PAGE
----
Fresh Angeles: Aquarium of the Pacific: Where The Jellies Are

Aquarium of the Pacific: Where The Jellies Are

There is nothing quite as magical as the jellyfish! The way they are shaped they way they glide along with the ocean currents is truly fascinating. If you like Sea Jellies as much as we do, there is no better place to find them in So Cal than at Aquarium of the Pacific.
 
We recently took a trip to Long Beach with family and we had a blast. It has been awhile since our last trip and we were really looking forward to seeing all that's new at the Aquarium.

It my youngest daughter's 8th Birthday and we celebrated by visiting with fish, turtles, eels, crabs, and more! Fresh Tip: Make sure to ask for a Birthday button while you are there celebrating a Birthday in your group.

We were most looking forward to seeing the new sea jellies exhibits and programs. The kids were eager to discover more about these mystical creatures from under the sea.

We were all mesmerized tank after tank of these amazing creatures. It's easy to see why sea jellies are among the most popular subjects for photographers at the Aquarium. I literally couldn't stop taking photos and videos of them! 


My daughter and my niece had fun petting them (two finger touch please) and described they way they feel as smooth, and like jelly. It's hard to believe that they don't have a heart, brain or lungs.

There are currently two films that feature jellies now playing at the Aquarium of the Pacific, make sure to check them out. In the Great Hall you can see "World of Jellies" and "Jellies: Transparent Travelers Through Time" plays in the Ocean Theater.

Here is some interesting information about jellies that we learned during our day in Long Beach:

Jellies and comb jellies have lived on Earth for at least 500 million years, making them three times as old as dinosaurs. Sea jellies survive without a heart, brain, or lungs. They are 95 percent water, and their movements are governed by the flow of the water they live in.

Jellies play an important role in the ocean as food for other animals, like sea turtles and mola molas. Humans also rely on jellies for food and other uses. They are also considered an indicator of ocean health.


Reproduction
While sea jellies have the simplest anatomy of almost any animal, they have complex and varying lifecycles and reproduce both sexually and asexually. Different jelly species reproduce in different ways.

What Can You Do?
The public can help track jellies as citizen scientists. At jellywatch.org, people can learn about the jellies they see along the coast while providing important scientific data. Jelly blooms are not currently tracked in any permanent record. Citizens can help scientists by reporting their observations.


Adopt A Sea Jelly
Adopt a sea jelly and receive a certificate and photo of your adopted jelly, an animal fact sheet, invitations to special events, and more. When you adopt a sea jelly, your donation helps to fund the Aquarium’s education and conservation initiatives, environmental programs, animal rehabilitation research, and important animal breeding efforts. Your adoption ensures that our living collection receives the best possible animal care available, including food, medical treatment, and housing.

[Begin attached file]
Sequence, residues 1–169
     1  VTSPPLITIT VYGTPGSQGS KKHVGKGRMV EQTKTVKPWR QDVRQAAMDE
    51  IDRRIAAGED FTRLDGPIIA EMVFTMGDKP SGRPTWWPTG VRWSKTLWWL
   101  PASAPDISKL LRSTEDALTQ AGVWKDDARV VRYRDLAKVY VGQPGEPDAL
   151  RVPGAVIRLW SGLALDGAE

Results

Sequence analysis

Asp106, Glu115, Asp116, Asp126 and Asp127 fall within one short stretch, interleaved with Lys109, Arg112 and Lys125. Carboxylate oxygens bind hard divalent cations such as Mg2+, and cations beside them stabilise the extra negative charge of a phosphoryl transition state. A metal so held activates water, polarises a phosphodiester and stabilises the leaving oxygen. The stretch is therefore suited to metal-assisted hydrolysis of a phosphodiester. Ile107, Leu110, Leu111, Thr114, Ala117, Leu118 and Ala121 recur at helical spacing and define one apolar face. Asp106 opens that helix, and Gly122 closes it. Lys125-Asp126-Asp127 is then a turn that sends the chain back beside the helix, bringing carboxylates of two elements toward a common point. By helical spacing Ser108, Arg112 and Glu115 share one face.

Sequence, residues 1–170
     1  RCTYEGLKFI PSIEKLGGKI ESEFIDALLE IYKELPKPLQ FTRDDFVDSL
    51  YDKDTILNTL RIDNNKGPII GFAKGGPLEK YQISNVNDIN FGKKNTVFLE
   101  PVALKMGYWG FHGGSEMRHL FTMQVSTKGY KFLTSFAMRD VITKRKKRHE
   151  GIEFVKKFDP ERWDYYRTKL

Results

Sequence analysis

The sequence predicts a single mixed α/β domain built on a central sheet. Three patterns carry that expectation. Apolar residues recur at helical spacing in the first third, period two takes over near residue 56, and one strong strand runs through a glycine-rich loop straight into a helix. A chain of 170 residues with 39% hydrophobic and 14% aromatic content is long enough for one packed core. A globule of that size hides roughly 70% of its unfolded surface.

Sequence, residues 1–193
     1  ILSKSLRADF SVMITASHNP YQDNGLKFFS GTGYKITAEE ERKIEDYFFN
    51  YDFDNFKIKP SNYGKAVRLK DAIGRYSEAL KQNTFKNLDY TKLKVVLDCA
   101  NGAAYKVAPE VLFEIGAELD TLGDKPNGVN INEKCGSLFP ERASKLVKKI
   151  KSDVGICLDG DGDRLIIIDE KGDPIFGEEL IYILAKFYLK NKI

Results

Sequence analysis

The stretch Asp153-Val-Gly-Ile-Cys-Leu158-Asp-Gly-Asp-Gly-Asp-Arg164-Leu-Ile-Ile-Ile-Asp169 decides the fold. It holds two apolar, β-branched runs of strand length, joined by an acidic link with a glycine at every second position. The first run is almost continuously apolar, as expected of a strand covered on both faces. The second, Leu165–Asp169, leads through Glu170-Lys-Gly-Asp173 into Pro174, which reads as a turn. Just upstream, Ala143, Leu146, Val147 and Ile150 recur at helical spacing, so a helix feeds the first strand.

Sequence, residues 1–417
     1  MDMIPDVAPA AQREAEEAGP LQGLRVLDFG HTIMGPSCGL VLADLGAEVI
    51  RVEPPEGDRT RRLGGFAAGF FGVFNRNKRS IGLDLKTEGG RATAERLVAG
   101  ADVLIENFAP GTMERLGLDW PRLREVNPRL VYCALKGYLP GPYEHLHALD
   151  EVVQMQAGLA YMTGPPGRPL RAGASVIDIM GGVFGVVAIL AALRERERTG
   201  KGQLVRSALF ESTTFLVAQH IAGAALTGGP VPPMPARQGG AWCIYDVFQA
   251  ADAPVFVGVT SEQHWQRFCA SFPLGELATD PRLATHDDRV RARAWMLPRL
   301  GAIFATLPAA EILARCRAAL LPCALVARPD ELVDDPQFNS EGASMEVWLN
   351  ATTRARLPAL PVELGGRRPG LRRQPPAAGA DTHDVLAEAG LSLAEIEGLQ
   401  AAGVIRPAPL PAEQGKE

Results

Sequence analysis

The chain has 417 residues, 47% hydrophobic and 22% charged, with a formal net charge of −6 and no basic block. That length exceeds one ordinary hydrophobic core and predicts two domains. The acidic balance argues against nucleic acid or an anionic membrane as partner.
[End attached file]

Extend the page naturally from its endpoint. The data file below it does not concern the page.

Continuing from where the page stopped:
There is a lot of fun things to see and do even beyond jellyfish! While you're there, make sure to experience all that the Aquarium of the Pacific has to offer, including:


Petting Pools with sharks and bat rays in the Shark Lagoon which features more than 150 sharks. Fresh Tip: Only some are ok to touch! Make sure you know the difference. LOL.


Splashing around with the silly and playful sea lions and seals.


Feeding Lorikeets right out of your hand. Fresh Tip: Make sure to enter Lorikeet Forest when the birds are hungry, (via the sign out front) you'll be able to get more interaction from these colorful birds.


Getting a close-up look at colorful sea anemones and textured corals. You can even touch and feel this gorgeous marine life.



Watching the Sea Otters roll around in the ice at the Sea Otter Habitat in the Northern pacific Gallery.

 
Making a wish one of the pretty Starfish on display.


Feeding time at the June Keyes Habitat, with all of the penguins including the newest addition, baby Lily.

Our family had a wonderful day! We can't wait until our next trip! What are your favorite things to see and do at Aquarium of the Pacific? Leave your thoughts in the comments below.


The Aquarium of the Pacific is located at 100 Aquarium Way, Long Beach, CA 90802.
The Aquarium of the Pacific is open from 9am-6pm every day of the year, except Christmas Day (Dec. 25) and during the weekend of the Grand Prix of Long Beach (April 15, 16, and 17, 2016).

Disclosure: I received guest passes for my family to attend the Aquarium and review the venue as a member of the media. The opinions on this blog are 100% Fresh and 100% my own. Thank you for reading my blog!